8. 8.
    Thieme M, Von Bilderling P, Paetzel C, et al. The 24-month results of the Lutonix global SFA registry: worldwide experience with Lutonix drug-coated balloon. JACC Cardiovasc Interv. 2017;10(16):1682–90.CrossRefGoogle Scholar
  9. 9.
    Lin TC, Huang CY, Chen PL, Lee CY, Shih CC, Chen IM. Edge stenosis after covered stenting for long superficial femoral artery occlusive disease: risk factor analysis and prevention with drug-coated balloon angioplasty. J Endovasc Ther. 2018;25(3):313–9.CrossRefGoogle Scholar
  10. 10.
    Muller-Hulsbeck S, Grimm J, Jahnke T, Haselbarth G, Heller M. Flow patterns from metallic vascular endoprostheses: in vitro results. Eur Radiol. 2001;11(5):893–901.CrossRefGoogle Scholar
  11. 11.
    Back M, Kopchok G, Mueller M, Cavaye D, Donayre C, White RA. Changes in arterial wall compliance after endovascular stenting. J Vasc Surg. 1994;19(5):905–11.CrossRefGoogle Scholar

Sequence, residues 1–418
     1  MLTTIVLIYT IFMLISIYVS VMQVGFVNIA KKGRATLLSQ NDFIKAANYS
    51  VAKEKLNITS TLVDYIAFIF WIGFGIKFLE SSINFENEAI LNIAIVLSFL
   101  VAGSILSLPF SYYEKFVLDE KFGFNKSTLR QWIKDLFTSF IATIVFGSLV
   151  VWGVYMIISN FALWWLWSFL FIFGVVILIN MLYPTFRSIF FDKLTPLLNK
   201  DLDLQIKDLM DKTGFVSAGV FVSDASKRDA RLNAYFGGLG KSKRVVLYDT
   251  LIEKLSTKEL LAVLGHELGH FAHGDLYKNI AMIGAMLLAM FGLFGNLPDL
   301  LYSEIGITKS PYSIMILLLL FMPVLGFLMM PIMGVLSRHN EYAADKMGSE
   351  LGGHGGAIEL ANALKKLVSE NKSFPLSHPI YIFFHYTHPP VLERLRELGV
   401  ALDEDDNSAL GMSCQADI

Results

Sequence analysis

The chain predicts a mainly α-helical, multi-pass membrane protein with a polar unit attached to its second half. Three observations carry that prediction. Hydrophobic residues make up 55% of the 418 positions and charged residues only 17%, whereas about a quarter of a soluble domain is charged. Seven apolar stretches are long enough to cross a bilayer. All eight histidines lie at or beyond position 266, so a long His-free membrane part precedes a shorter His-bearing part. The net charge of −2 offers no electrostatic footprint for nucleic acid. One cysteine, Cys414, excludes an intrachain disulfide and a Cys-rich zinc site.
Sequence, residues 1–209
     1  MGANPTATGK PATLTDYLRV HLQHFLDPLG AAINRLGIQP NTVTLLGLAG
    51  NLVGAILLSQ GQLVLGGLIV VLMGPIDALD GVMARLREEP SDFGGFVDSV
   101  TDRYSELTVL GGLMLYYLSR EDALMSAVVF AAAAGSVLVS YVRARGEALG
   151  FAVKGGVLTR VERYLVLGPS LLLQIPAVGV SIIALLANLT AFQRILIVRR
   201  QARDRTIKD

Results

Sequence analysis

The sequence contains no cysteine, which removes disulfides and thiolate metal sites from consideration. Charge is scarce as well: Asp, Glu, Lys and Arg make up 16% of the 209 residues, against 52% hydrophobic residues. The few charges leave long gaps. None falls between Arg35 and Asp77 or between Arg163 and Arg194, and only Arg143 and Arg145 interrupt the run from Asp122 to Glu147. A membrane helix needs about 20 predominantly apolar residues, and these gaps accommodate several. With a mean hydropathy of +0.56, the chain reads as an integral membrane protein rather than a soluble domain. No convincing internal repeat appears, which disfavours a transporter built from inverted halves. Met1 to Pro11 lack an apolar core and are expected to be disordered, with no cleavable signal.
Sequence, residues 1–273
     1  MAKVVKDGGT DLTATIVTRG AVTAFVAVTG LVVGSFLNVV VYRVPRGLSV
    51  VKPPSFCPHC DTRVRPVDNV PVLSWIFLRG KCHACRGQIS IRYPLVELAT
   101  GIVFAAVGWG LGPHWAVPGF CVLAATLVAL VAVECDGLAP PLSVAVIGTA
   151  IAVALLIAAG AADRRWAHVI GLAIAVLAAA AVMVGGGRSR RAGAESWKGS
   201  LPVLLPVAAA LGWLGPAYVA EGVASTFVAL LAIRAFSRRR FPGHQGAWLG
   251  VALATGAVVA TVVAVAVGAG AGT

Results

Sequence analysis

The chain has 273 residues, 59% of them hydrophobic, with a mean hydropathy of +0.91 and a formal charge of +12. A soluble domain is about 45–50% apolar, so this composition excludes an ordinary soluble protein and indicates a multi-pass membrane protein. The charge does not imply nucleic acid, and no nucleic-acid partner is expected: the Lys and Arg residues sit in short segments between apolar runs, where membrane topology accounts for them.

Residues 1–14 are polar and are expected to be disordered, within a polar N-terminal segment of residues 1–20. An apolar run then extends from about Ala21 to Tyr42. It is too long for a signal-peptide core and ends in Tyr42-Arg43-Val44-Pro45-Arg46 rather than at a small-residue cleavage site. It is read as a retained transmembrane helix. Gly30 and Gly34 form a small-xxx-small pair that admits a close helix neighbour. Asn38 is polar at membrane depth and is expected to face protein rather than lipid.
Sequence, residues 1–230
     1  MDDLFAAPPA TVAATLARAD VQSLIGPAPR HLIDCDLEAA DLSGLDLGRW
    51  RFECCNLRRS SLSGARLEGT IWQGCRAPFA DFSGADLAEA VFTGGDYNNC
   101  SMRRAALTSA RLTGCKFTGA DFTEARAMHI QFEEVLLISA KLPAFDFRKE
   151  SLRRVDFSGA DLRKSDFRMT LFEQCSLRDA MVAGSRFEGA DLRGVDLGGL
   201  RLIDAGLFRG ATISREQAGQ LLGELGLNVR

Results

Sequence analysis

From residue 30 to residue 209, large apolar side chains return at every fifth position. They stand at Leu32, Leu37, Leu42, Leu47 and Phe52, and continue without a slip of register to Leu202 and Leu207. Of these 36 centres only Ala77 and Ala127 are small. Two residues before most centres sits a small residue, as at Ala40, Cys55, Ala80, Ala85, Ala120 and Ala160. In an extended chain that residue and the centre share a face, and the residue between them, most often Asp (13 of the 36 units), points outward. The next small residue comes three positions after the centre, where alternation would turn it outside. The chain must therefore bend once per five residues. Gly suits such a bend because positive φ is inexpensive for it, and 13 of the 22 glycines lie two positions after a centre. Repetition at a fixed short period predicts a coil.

Copyright information

© Springer Science+Business Media, LLC, part of Springer Nature and the Cardiovascular and Interventional Radiological Society of Europe (CIRSE) 2018

Authors and Affiliations

  1. 1.Centro Vascolare TicinoOspedale Regionale di Lugano, sede CivicoLuganoSwitzerland
  2. 2.Inselspital, Universitätsspital BernUniversitätsinstitut für Diagnostische, Interventionelle und Pädiatrische RadiologieBernSwitzerland

Personalised recommendations